Otolaryngology Medical Student Affairs
Offering the first training program in Otolaryngology in the U.S., New York Eye and Ear Infirmary of Mount Sinai (NYEE) has participated in the many changes of this specialty for nearly two centuries. The past 40 years have seen enormous advances in otolaryngology, which have led to its popularity among medical students, accounting for the highly competitive residency positions.
The scope and breadth of Otolaryngology-Head and Neck Surgery has increased greatly. While the treatment of ear, nose, and throat disorders still forms the core of otolaryngology, other areas, such as facial plastic and reconstructive surgery, voice and swallowing disorders, head and neck cancer, and skull base surgery have expanded the traditional borders of otolaryngology.
We are pleased to provide this current description of resident training at New York Eye and Ear Infirmary and Affiliated Hospitals of Icahn School of Medicine at Mount Sinai, as well as a history of Otolaryngology training at NYEE.
The Department of Otolaryngology-Head and Neck Surgery maintains a strong commitment to medical education. The residency program trains four otolaryngologists yearly. Approximately half will continue to train across the U.S. in highly sought-after, advanced training programs in subspecialties of otolaryngology, and many recent graduates hold teaching positions at hospitals throughout the country. This dedication to residency training, continuing medical education, and overall academic excellence attracts physicians from across the U.S., Asia, and Europe to study with the doctors at the Department of Otolaryngology.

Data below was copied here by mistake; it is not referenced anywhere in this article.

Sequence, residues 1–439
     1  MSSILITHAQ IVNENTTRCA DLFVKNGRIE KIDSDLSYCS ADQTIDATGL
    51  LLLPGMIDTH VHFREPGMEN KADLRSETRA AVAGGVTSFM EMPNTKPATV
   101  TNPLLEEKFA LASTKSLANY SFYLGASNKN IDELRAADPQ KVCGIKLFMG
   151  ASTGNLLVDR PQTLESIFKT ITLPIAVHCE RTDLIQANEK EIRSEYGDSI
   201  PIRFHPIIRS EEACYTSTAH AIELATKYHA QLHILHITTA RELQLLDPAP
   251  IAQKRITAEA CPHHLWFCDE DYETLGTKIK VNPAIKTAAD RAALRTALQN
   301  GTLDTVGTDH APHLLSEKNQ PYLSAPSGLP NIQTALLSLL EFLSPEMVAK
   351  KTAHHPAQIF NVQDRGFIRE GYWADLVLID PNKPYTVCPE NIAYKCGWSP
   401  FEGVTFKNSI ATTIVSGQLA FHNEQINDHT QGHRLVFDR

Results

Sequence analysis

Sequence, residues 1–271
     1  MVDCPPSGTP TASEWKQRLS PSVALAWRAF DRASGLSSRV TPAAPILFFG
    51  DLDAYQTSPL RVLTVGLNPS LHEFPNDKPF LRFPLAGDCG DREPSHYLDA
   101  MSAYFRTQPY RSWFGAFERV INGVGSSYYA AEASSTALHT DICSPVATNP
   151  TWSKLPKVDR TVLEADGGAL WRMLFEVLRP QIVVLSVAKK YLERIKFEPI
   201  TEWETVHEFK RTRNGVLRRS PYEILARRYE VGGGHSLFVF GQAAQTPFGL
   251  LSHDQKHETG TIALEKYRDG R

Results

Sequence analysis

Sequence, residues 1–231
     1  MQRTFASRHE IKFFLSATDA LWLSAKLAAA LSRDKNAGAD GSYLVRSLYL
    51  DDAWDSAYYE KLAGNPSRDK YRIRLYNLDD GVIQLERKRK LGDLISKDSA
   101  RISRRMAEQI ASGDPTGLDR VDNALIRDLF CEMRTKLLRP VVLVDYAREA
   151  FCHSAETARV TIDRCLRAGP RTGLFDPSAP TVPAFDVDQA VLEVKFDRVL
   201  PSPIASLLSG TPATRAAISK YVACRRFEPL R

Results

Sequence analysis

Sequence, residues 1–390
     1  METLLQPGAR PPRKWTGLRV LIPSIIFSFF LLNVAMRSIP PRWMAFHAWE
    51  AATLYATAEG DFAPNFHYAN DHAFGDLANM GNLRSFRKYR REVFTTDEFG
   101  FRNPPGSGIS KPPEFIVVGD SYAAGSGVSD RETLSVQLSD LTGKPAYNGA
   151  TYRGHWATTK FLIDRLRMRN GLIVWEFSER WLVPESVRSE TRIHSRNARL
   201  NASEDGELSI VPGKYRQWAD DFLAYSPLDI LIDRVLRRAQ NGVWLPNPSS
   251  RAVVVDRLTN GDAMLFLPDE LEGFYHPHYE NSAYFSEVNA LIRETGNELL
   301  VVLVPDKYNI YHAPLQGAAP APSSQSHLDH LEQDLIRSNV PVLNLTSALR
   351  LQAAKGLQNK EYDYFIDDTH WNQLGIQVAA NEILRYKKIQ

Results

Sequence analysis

Routine conferences are held to discuss new advances and treatments in skull base surgery, facial plastic and reconstructive surgery, audiology, otology, and pediatric otolaryngology, as well as radiology and pathology. Tumor Boards are also held for the head and neck. A fully equipped dissection lab is available for courses in temporal bone dissection and techniques in soft tissue surgery and sinus anatomy and surgery.
Professor and Chair
George Wanna, MD